As the Democrats running for president travel through Iowa ahead of the first-in-the-nation caucuses, they’re talking about what they would do to reduce gun violence in the U.S.
In early August, campaign trail conversations about gun control intensified. Back-to-back mass shootings in El Paso and Dayton reignited calls for lawmakers to act.
The group Everytown for Gun Safety quickly organized a forum in Des Moines in response to these tragedies, and Democratic presidential candidates showed up to answer questions about steps they would take to curb gun violence.
“So for me real change, meaningful change, starts with breaking up the corruption in Washington, breaking up the stranglehold of the gun industry and the NRA,” Massachsetts Sen. Elizabeth Warren said at the forum.
And former Vice President Joe Biden criticized the availability of high-capacity weapons.
“Who in god’s name needs a weapon that can handle 100 rounds?” Biden asked at the forum. “For god’s sake.”
And 14 more presidential candidates were there, plus a handful who joined by video message.
Mass shootings often drive conversations about gun policy, and they are becoming more frequent and more deadly. But they still make up a tiny fraction of gun deaths in the U.S.
Nearly 40,000 Americans died of gunshot wounds in 2017. Sixty percent of those deaths were suicides, and less than 1 percent were mass shooting deaths. While suicide is by far the most common type of gun death, there is one big exception: homicide is the most common type of gun death for African-Americans only.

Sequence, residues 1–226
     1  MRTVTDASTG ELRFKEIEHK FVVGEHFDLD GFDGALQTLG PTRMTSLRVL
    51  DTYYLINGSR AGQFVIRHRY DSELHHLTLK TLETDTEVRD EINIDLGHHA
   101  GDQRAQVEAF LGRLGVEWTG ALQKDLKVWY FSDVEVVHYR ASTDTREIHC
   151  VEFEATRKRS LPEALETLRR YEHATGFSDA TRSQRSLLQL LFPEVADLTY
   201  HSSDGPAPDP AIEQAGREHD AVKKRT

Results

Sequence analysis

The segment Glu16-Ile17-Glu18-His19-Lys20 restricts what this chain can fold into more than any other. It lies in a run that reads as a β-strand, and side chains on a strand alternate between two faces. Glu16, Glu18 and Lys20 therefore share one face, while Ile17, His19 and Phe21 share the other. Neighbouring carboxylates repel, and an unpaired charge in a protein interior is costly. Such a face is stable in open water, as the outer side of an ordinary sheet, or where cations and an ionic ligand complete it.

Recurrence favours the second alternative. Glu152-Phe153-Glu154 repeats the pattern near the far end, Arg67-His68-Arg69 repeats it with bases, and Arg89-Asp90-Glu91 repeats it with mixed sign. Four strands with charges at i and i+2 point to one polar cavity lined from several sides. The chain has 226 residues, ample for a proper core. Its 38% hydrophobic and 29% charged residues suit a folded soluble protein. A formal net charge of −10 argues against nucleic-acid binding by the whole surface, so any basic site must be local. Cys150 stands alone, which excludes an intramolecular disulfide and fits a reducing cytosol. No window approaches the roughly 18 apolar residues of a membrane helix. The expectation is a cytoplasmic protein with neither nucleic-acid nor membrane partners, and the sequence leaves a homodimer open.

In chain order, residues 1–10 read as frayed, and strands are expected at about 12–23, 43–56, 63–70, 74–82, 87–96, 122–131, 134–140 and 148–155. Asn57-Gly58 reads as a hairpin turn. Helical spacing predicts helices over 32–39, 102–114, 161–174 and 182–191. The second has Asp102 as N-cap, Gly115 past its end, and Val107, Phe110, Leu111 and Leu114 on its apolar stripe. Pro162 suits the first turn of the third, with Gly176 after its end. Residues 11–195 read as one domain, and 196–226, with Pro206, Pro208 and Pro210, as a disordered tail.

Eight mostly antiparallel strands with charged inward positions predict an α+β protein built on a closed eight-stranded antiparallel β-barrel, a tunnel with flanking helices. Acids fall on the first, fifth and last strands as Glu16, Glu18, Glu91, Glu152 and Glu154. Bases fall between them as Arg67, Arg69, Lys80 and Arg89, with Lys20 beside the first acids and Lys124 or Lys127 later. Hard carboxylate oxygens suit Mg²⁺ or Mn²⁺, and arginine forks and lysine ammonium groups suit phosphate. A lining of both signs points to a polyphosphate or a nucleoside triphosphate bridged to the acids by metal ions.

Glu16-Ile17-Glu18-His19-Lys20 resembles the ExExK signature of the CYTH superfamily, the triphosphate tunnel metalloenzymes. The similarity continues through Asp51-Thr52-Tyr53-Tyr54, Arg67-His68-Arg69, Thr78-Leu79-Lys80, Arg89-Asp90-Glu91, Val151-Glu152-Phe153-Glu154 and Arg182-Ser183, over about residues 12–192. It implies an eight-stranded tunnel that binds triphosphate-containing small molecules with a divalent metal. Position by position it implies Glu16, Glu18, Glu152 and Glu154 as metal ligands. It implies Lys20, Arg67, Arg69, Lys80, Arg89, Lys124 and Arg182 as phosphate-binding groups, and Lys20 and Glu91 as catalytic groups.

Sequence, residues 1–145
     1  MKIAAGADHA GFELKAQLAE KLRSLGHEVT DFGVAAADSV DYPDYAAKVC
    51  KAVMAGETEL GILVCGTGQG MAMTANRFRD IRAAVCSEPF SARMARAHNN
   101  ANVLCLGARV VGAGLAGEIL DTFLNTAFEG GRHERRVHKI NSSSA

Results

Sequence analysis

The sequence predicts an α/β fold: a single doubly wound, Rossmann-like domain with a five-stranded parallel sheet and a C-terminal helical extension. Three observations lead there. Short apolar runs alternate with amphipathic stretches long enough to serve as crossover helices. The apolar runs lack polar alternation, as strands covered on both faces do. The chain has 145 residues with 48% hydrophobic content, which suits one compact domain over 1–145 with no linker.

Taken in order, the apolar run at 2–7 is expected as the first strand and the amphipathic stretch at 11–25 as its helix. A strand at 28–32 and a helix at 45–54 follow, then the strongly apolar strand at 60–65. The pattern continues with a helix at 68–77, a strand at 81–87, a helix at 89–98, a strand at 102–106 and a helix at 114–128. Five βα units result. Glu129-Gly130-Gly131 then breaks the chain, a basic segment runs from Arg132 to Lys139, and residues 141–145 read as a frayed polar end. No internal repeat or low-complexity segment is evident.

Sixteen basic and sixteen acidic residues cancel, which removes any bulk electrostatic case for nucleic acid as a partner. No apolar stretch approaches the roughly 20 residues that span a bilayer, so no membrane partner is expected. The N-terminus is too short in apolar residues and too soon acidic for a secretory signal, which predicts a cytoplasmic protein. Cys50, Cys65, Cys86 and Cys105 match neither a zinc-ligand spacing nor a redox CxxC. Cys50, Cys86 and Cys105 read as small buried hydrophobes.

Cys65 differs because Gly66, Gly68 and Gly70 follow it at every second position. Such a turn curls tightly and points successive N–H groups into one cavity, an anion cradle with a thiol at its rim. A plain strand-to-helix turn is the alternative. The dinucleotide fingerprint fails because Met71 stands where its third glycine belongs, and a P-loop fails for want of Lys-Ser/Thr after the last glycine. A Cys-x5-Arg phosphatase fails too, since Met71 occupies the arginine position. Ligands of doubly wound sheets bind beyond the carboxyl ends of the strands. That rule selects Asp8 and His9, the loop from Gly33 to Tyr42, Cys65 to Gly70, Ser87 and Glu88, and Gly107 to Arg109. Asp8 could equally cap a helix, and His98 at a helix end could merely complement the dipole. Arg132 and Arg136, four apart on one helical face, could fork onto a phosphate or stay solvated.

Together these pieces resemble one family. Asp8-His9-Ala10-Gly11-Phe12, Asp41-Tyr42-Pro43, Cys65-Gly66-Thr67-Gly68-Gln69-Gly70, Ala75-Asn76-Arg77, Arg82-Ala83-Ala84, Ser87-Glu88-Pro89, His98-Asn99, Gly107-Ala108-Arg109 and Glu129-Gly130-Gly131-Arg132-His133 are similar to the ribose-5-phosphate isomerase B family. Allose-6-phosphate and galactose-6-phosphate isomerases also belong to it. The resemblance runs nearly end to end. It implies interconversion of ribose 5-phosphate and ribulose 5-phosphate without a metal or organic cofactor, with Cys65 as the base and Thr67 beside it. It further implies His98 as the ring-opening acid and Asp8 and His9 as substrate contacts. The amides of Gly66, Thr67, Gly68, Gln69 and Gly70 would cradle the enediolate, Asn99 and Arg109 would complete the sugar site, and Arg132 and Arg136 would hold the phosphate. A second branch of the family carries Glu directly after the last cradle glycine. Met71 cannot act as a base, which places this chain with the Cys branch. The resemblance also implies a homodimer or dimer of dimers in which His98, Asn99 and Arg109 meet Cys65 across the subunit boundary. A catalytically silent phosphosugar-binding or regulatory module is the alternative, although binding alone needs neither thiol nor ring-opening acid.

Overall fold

Rep. Ako Abdul-Samad, a Democrat from Des Moines, knows that firsthand.
“I lost my son in ’97, who was shot in his chest,” Abdul-Samad said. “There’s a number of individuals that I have addressed and dealt with who have been killed in gun violence.”
He runs a nonprofit called Creative Visions, where there’s a mural listing the names of Iowans shot and killed in Des Moines.
“Every day I come up and look at this mural, every day I walk into Creative Visions, I think about my son. He's right there,” Abdul-Samad said. “But I also think about the 210 people we have listed on this wall. So when I go on Capitol Hill, it's here. It's in my mind, it's in my heart, and it's like, what can we do? Especially when I hear a candidate talk about it—it’s like okay, how far do you go?”
Abdul-Samad said he supports just about every gun control policy brought forth by the Democrats running for president.
But he also wants to hear more about helping victims of gun violence, dealing with trauma, fighting racism and white nationalism, and changing the mindset of fear he says leads many people to seek out firearms for protection.
“Gun violence is a complex issue,” said Cassandra Crifasi, deputy director of the Johns Hopkins Center for Gun Policy and Research. “If it had one solution, I’m sure we would’ve figured it out by now. So what we need to do as a country and as states is put together a suite of policies and programs that are going to help us address gun violence.”
The Democrats running for president largely agree on supporting expanded background checks, banning assault-style weapons, limiting the size of magazines, and enacting extreme risk protection orders, also known as red flag laws.
New Jersey Sen. Cory Booker was the first to call for requiring a license to purchase a gun. Now most of the candidates support some form of that.
“I’m sorry that it had to take issues coming to my neighborhood or personally affecting [former Texas U.S. Rep.] Beto [O'Rourke] to suddenly make us demand change,” Booker said at the September debate on ABC. “We are never going solve this crisis if we wait for it to personally affect us or our neighborhood or our community before we demand action.”
According to public opinion polling, 80 to 90 percent of Americans support expanding background checks, nearly three-fourths support red flag laws and licensing requirements, and high capacity magazine restrictions and a proposed assault-style weapons ban have majority support.